Horses arrive in New Kent County for return of thoroughbred racing at Colonial Downs

Posted at 4:10 PM, Jul 26, 2019
and last updated 2019-07-26 16:11:33-04

NEW KENT Co., Va. - Starting August 8, $500,000 will be up for grabs in New Kent County.

“[It's] some of the best horse racing in the country,” Vice President of Racing Operations at Colonial Downs Jill Byrne said. "We are giving away $500,000 - half a million dollars a day in purse money for the horsemen, so that will put us at some of the highest level of horse racing.”

After six years, thoroughbred horse racing is back at Colonial Downs!

Hundreds of mares and stallions will gallop here. Friday some were getting a lay of the land.

“The horses that came in early get to warm up on the track, get a feel of the track and get to see the environment that they are in,” Byrne told News 3 reporter Brian Hill.

Hill also spoke with Jed Steffee, who has four horses getting ready.

One of them is Little Snip.

“Every time we go up there, it works out well. She may not win all the money, but she gets a piece of the money anyway,” Steffee explained.

There’s going to be a variety of horses racing at Colonial Downs, including Super Salad. Her owner, Steffee, said that this is going to be her first time racing, so it'll be interesting to see how it all turns out.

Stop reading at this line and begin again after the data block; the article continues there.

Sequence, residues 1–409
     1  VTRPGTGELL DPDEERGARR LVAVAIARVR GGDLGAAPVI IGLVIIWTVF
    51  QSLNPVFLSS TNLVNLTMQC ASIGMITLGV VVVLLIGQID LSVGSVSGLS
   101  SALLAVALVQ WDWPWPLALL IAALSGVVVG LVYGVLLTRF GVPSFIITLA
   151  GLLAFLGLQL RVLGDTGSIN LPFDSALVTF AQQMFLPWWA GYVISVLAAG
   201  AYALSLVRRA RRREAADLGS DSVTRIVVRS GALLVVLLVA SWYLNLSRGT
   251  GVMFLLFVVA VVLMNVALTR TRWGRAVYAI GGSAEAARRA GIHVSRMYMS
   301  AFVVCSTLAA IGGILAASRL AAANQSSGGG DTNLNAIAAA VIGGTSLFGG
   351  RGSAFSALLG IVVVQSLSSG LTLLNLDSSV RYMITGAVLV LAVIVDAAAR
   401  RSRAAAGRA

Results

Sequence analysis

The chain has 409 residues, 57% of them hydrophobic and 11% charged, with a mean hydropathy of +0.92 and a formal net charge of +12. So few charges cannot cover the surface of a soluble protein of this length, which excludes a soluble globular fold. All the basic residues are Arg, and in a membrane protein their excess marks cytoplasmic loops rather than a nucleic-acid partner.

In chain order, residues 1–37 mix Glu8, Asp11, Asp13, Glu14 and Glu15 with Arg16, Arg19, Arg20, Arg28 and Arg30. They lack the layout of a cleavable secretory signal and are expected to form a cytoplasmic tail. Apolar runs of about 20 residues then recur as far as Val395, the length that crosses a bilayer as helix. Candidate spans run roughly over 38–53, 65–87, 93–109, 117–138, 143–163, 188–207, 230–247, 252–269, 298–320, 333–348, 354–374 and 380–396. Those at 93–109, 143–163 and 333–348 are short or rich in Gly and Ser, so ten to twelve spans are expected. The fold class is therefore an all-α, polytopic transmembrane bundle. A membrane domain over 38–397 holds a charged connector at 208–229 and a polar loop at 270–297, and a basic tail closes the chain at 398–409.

“The turf course here is wonderful. The main track is great, and grass racing is very beneficial to horses. They last longer,” Steffee, who is from New Orleans, said.

Being able to last has become a hot topic nationwide after a recent spike in racing fatalities.

“The horses that arrive here at Colonial Downs that are racing, they will completely examined by state veterinarians. The trainers will kind of pick out which races they want to run in and horses don’t necessarily run - they’ll maybe run every three weeks. That will be about the most that you will see them run.”

They also won’t race horses when it’s too hot outside.

Horse racing coming back is expected to have a major impact on the local economy.

“It’s a big boost to the entire thoroughbred industry. Locally - jobs, number one. The jobs created by the racing side of it, as well as the gaming side of it. A lot of job opportunity in the region. In terms of the local farms, your equipment stores, we go to all local stores to supply hay, bedding feed for the horses,” Byrne said.

Jockeys will ride until September 7.

General admission is free, as well as parking.